The Rocky Mountain Region is stretched over 10,000 feet in elevation change and nearly over the full longitude of the Continental United States. Within this massive spread fit more than six biomes, ranging from the grasslands and prairie edges of northern New Mexico to the alpine of Montana. Despite the impressive diversity in soil and climate, many people in the area garden on our region’s namesake: rocks.
Often, rocky soils are quite young. Their presence indicates that not enough time has passed to weather parent materials (yes, rocks) into the complex that is soil. I often see gardeners trying to shoehorn leafy, traditional garden plants into these indisputably western landscapes. A better tactic, however, is embracing flora already adapted to such areas, which offers a simpler and less labor-intensive solution.
Rocky Mountain beardtongue
Name: Penstemon strictus
Size: 24 to 30 inches tall and 36 inches wide
Conditions: Full to partial sun; well-drained soil
Native range: Wyoming, Colorado, Utah, New Mexico, Arizona
Among regionally adapted plants, a few groups stand out as obvious choices. With more than 250 species recognized, there is a penstemon for every garden—especially those with gravelly soils. These plants abhor the competition encouraged by richer media. Your part of the Rockies likely already has its own suite of these gorgeous plants that will be well-suited to your garden. If you speak to a local garden center or consult a regional wildflower book, they can help you find these species.
If a deep dive into the species isn’t to your taste, consider growing Rocky Mountain beardtongue. This penstemon blooms in early summer. You can expect numerous 2-foot royal purple or cerulean blue spikes of tube-shaped flowers above shiny green leaves.
These plants bloom hard with relatively few resources—so hard, in fact, that they will often “bloom themselves to death.” This means they will emphasize production of seeds over the longevity of the mother plant unless a knowledgeable gardener intervenes.
To ensure longevity, I deadhead my plants as their bloom finishes, leaving only one or two flower spikes to produce seed. This helps my beardtongue to redirect energy back into the mother plant. This not only ensures that the plant is longer lived, but it also allows for more modest seed production. ‘Rocky Mountain’ is an easy self-seeder, and a gravel mulch makes an ideal seedbed. With proper care, you will have a stand of penstemons for years to come.
Name: Eriogonum umbellatum
Size: 6 to 12 inches tall and 1 to 3 feet wide
Conditions: Full sun to partial shade; well-drained soil
Native range: British Columbia and Alberta south to southern California, Arizona and eastern Colorado
A tasteful complement to the exuberant Rocky Mountain penstemon is the equally tough members of the genus Eriogonum. Considerably longer-lived, our native buckwheats don’t crumble under pressure and are one of only two genera native to the country that are more diverse than Penstemon.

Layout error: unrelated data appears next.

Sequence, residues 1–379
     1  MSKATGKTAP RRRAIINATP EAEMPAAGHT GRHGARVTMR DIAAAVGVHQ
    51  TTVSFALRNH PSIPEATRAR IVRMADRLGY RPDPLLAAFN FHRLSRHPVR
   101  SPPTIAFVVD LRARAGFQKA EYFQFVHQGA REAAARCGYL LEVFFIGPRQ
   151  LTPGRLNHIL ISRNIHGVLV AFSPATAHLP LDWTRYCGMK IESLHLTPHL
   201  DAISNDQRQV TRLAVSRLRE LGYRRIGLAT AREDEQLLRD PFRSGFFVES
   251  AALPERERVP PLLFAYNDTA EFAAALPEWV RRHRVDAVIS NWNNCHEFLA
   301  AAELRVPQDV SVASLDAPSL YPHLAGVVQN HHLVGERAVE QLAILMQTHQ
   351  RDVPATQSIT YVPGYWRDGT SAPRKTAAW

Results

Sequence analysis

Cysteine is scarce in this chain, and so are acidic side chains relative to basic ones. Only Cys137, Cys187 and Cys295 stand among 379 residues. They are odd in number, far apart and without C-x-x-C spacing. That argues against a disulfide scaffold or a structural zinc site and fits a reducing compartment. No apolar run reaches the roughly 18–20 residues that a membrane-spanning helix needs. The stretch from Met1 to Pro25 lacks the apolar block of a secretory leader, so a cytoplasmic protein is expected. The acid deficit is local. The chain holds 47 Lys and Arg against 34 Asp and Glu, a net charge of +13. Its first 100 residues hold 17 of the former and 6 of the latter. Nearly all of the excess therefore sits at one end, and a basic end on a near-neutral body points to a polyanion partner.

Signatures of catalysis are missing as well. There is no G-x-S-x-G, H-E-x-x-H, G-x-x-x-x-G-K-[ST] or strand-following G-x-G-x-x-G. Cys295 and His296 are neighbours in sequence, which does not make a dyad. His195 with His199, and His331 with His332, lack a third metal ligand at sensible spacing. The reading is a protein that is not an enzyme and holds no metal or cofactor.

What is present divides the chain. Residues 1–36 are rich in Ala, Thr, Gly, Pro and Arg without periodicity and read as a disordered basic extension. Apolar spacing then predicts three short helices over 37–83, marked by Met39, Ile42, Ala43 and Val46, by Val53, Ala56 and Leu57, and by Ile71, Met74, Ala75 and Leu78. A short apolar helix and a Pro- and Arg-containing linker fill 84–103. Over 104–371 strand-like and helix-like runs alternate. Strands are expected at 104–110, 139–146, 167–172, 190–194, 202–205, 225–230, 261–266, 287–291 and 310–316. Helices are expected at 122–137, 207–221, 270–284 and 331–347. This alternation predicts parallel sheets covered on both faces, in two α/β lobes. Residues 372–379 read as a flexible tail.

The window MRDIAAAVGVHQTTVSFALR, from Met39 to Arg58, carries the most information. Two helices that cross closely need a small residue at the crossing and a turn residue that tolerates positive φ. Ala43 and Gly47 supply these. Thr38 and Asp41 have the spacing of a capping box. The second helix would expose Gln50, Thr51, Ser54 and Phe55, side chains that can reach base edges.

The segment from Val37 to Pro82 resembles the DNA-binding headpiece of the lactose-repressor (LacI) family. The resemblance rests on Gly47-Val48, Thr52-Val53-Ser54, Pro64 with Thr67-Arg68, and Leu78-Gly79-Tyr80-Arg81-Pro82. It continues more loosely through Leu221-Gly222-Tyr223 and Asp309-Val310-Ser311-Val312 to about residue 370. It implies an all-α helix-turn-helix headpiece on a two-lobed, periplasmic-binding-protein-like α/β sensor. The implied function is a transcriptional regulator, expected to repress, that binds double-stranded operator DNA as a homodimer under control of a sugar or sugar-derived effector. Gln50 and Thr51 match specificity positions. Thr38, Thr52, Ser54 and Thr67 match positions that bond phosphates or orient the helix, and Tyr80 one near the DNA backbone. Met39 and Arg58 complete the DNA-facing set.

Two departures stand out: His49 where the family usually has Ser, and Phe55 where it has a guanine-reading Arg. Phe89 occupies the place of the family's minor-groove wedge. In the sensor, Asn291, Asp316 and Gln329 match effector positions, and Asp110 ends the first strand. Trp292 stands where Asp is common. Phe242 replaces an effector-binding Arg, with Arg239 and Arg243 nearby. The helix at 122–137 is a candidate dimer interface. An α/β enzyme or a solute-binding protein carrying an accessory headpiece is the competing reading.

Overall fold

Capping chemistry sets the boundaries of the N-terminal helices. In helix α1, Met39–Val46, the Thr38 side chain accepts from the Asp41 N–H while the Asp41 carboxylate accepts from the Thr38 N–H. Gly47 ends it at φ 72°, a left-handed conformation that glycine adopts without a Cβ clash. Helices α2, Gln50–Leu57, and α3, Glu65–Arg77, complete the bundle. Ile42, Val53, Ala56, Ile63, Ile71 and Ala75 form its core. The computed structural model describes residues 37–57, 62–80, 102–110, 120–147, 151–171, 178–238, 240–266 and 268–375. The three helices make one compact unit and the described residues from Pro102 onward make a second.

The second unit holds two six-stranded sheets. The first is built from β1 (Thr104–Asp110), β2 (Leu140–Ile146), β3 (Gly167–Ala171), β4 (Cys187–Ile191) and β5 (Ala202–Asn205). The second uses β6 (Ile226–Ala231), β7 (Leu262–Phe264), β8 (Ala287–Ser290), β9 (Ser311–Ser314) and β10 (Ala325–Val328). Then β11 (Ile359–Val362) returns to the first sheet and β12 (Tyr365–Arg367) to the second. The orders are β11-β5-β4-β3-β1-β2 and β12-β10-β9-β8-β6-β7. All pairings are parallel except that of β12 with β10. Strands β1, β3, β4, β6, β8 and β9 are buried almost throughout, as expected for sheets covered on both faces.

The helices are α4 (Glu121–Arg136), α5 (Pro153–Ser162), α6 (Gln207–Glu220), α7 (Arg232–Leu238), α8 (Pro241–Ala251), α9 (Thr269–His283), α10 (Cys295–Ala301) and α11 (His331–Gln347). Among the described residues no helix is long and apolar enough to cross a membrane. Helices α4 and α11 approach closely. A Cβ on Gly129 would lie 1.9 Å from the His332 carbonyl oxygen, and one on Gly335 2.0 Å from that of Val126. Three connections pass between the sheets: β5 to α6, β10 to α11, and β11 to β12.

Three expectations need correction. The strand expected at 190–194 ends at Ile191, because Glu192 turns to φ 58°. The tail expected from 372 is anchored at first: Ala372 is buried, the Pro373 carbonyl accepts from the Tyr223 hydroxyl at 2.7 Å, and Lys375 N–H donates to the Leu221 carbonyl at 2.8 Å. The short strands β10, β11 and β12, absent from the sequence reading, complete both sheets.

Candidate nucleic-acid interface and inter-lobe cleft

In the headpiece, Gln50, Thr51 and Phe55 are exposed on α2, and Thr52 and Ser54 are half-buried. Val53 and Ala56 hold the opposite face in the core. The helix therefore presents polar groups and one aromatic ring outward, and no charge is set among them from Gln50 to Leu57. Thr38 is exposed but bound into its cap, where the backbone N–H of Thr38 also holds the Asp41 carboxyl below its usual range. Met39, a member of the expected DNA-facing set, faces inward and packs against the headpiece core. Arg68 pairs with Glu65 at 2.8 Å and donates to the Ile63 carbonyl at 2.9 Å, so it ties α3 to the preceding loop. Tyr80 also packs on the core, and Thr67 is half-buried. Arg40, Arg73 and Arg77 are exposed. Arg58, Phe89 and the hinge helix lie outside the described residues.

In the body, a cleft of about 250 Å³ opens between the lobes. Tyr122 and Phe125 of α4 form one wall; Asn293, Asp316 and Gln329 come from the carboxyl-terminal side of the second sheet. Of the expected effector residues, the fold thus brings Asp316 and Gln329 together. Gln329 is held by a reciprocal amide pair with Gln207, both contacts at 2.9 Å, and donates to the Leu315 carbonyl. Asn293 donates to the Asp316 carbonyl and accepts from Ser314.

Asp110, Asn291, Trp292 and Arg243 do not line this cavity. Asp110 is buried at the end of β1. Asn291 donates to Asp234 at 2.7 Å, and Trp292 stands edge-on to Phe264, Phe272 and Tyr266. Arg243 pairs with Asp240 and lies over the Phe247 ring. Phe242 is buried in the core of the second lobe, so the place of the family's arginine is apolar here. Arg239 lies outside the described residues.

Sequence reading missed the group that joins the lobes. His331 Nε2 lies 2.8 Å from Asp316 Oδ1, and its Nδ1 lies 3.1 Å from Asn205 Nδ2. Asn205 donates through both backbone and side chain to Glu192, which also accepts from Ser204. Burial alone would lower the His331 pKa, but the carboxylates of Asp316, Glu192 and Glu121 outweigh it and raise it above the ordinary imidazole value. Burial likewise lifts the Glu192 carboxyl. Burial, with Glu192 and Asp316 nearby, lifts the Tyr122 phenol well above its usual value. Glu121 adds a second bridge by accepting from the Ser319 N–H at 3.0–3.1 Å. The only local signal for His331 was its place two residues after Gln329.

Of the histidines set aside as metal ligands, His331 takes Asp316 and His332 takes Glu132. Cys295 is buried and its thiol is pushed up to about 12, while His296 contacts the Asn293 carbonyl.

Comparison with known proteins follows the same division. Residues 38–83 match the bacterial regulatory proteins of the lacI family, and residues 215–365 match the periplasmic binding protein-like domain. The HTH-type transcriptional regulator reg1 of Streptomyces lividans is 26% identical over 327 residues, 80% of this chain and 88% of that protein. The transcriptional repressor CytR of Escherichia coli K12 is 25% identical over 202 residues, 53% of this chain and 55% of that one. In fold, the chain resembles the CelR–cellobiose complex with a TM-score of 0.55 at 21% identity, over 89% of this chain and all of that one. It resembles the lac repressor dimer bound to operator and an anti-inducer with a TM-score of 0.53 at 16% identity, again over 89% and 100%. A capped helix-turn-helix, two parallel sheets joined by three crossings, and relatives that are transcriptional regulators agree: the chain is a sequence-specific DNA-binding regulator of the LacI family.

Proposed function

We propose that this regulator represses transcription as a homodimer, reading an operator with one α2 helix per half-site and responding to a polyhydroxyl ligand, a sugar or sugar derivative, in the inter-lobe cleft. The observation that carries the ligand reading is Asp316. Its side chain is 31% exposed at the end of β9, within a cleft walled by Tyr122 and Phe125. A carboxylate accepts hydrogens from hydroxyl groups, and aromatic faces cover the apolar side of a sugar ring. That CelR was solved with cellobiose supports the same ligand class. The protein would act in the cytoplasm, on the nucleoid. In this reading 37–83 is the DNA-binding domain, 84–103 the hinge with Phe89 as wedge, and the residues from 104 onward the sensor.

If scouting out your local flavors isn’t to your taste this year, consider sulfur buckwheat, a species that’s hardy to USDA Zone 3 and sometimes referred to as sulfur flower.
Sulfur buckwheat grows as a low mat of attractive foliage that often colors red in winter. These tiny toughies relish poor sites and put on a delightful show of acid-yellow pom-pom-type flowers held on stiff, 6-inch stems. As the weeks go by, those flowers give way to papery clusters of red-blushed seeds.
Name: Fendlera rupicola
Size: 2 to 4 feet wide, 4 to 10 feet tall
Conditions: Full sun to partial shade; well-drained soil, caliche, clay
Native range: Colorado, Texas, Arizona, northern Mexico
Considerably larger than the previous two plants, Fendlera rupicola is right at home in rocky soil—so much so that both its common name, cliff fendlerbush, and its species name (“rupicola,” which translates to “of rocky places”) reference how it has a penchant for setting up shop in what many would hardly consider soil.
These large shrubs produce an abundance of slender stems, gradually taking a vase or rounded shape to 6 feet, but sometimes higher. In spring, pink-white, pearly buds pop and reveal fragrant, wedding-white, four-petaled flowers along the entire height of the shrub.
Plants flower on old wood and are slow to establish, so be patient when planting cliff fendlerbush. I prune my specimen lightly during late winter. However, if it’s looking particularly rangy, I will rejuvenate prune it back to its base and accept losing a couple years’ worth of flowers.
As with many of my articles, you may notice a theme in this piece: Tuning your plant palette to your site through the inclusion of site-adapted plants rather than site modification presents a less laborious, more environmentally friendly route to improve your gardening.
In this instance, the use of appropriate mulches (often this means gravel) and the inclusion of plants that love these lean, harsh sites will save you time and effort in the long run. Just be sure to water adequately through establishing and protecting your transplants from browsing wildlife. Tender transplants are often the tastiest morsels around.
See more native plants for the Mountain West
Bryan Fischer lives and gardens at the intersection of the Great Plains and the Rockies. He is a horticulturist and the curator of plant collections for a local botanic garden.